Canvas

Back from 8 nights’ camping in North Devon with the children and Lovely Man and his son. Two tents, five pillows, three bodyboards, umpteen tent pegs. All crammed inside the car, speeding down the M5, eeking out Haribo. How to start a holiday…

Here’s my take on it….

Capacity

Your knee is in my back.

To move could you just Shift that rucksack

to your right

And then squash down that camping light

A little further…

There…spot on!

All impediments to my view have gone.

We have our bags,

We know the way

And

I think we could safely say

That every tiny space is filled

With bags or boys

and we are skilled

Enough in packing to achieve

Space for us all…

If we don’t breathe.

Gaga

so, I’m back. It’s been a while…I seem to say tha a lot don’t I? I have moved house now so I am slowly getting settled into the new place. Lots of painting and DIY opportunities. I will take you round the projects at some point soon. Honest. But today I wanted to share a radio show….not like me, you say. She’s never shown an  interest … however, I am on this show so I obviously am a little bit fascinated ;0

the background is that Ian, the interviewer, is a friend made via t’internet a while ago. I joined a Parkinsons UK self-management group and Ian was one of the members. We are are still in touch with each other and the other group members. Ian is a DJ at Radio Parkie. This is a digital channel dedicated to decent music and Parkinson’s. An unusual combo I grant you.

anyway, here’s me spilling about PD, Italy, music, work and the importance of sniffing bread. Enjoy.

Click for radio show

Knowledge 2

So it’s taken me a while (but what’s new) but here is my second instalment of my diagnosis story. First instalment can be found here.

So there I was, holding down a high powered job, crossing the globe advising multinationals at board level about their tax governance etc etc,  looking after two small boys, trying to  keep domestic arrangements (for which read tidiness, cleaning etc I wasn’t allowed access to household finances but thats another post at some point) on an even keel, be sociable with friends and family and have a decent  relationship with my husband. And deal with the head f~#k that is early onset parkinsons. And my father died.

Eventually I was given an appointment with a clinical psychologist as part of the ‘you have parkinsons’ package. She asked me what I did. As I listed all my activities she m said quietly, that’s a very full plate and you haven’t even said you are a mother.   And she was right. I was so bombed I hadn’t even considered it. Even tho my boys are my world. And then she said something that with hindsight was the beginning of the end of that life. She said, if somebody added a big pile of something new to your plate isn’t it logical that something else will have to move to accommodate it? Why do you think everything else is the same? Isn’t that the illogical part?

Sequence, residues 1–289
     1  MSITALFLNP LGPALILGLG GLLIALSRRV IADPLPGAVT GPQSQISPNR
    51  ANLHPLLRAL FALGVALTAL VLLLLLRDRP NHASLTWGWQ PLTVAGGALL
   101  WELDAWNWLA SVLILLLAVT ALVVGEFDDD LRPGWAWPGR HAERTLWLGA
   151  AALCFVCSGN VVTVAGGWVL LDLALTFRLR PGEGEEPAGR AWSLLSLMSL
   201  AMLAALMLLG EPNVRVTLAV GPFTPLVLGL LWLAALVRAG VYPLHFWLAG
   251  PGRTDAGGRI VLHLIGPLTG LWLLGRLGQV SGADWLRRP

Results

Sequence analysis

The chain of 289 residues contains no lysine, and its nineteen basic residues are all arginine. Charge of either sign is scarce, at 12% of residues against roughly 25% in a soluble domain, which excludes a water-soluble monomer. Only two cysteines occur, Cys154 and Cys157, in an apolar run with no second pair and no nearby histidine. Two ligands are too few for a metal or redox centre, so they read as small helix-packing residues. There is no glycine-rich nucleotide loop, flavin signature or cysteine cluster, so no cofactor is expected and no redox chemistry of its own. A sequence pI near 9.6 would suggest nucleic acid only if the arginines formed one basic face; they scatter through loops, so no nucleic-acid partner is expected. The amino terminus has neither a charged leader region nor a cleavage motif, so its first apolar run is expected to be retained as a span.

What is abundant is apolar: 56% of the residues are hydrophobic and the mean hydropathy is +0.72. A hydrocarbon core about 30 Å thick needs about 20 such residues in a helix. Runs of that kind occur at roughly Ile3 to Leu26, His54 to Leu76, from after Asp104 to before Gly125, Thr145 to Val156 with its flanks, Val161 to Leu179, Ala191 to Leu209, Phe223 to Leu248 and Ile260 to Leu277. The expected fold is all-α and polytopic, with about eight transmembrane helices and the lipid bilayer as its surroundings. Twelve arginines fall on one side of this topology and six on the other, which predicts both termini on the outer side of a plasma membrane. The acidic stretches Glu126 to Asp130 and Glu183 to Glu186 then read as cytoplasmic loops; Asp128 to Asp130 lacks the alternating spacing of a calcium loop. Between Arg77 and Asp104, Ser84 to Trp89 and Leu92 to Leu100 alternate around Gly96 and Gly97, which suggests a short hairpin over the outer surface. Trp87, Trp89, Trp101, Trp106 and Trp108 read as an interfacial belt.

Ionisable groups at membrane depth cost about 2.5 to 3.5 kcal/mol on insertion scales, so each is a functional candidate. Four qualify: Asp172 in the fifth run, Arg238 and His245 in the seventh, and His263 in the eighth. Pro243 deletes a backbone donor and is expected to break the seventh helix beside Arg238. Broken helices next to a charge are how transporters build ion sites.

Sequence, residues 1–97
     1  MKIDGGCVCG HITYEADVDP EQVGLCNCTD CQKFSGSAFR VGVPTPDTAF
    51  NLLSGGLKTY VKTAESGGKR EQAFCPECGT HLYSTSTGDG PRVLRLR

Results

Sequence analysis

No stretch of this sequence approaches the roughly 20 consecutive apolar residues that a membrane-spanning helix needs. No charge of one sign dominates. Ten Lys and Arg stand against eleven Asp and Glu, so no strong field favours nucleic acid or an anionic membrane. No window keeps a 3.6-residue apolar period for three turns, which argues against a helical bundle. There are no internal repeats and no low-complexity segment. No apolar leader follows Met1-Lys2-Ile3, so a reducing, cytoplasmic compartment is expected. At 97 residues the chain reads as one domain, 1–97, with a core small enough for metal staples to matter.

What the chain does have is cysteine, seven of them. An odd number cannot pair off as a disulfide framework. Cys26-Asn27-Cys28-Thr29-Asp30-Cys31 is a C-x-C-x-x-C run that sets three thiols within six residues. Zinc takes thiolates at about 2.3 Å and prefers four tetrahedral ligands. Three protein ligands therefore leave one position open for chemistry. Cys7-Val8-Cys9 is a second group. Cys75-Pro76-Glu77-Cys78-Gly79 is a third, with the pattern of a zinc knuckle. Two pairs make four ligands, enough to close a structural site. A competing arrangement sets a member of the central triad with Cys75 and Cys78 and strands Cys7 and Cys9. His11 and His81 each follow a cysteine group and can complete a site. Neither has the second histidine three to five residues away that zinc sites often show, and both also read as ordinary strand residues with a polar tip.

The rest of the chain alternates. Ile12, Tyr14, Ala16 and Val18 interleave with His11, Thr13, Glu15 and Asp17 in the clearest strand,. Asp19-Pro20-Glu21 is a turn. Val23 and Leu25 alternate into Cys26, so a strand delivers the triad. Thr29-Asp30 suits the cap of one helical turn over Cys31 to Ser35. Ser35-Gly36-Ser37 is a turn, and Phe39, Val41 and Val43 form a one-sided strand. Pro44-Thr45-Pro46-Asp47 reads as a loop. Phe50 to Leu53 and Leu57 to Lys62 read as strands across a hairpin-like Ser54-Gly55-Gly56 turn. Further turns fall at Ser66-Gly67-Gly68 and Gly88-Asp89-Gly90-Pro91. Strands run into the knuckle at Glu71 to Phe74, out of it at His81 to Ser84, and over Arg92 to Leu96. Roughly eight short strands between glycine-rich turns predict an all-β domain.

And I argued and railed against that simple question. I couldn’t see past my current persona. I could not see what had to change. Then I went and talked to OH and tentatively broached the subject of cutting my hours. At that point I was doing four days a week but four very long days, in a national role. And the fifth day I had my youngest to look after. So no rest. No down time.

 

And that that was the tipping point for me. OH works hard. Very hard. And can only do that because he got all childcare support from me. He is also a great provider. And couldn’t see past that role. I got left behind in the reflex reaction of worry and panic the suggestion of less salary induced. Looking back, we didn’t handle it well. I felt abandoned and misunderstood. This was about preserving life and quality of life, about living to the max with our boys, about loving each other and being with each the. I really did love him. But he couldn’t get past the fear of the illness, it’s label, it’s implications. He buried himself in work, took on more and more chores, resented it, stressed, got angry blah blah blah. And I felt alone, unloved, scared even. Money and stuff seemed to be more valued than experiences and emotions. We were poster children for how not to handle a serious diagnosis.

So there we were. Struggling with the diagnosis without ever saying so. It was a lesson in mis  communication.

That’s  it for this instalmet. I will do another one soon. But be warned, it’s a while before we get to a cheerful outcome.

Knowledge 1

Discovery is an interesting concept.

A tiny piece of knowledge, of information and your life can change beyond recognition.

I woke up this morning and I looked on YouTube and read a video blog of somebody’s diagnosis of Parkinsons.

Incredibly ,they got the diagnosis from standing start to full knowledge in less than 24 hours which is almost unheard-of in these NHS delay ridden times. And the thing that made me stop and think was not the diagnosis itself – it wasn’t even the speed – it was the fact that the guy telling the story was sitting next to his partner and that she had been there for him throughout the process. And five years later whatever she was still there, finishing his sentences for him! Obviously, this struck a chord with me in these straightened times. And it took me back to my diagnosis 10 years ago.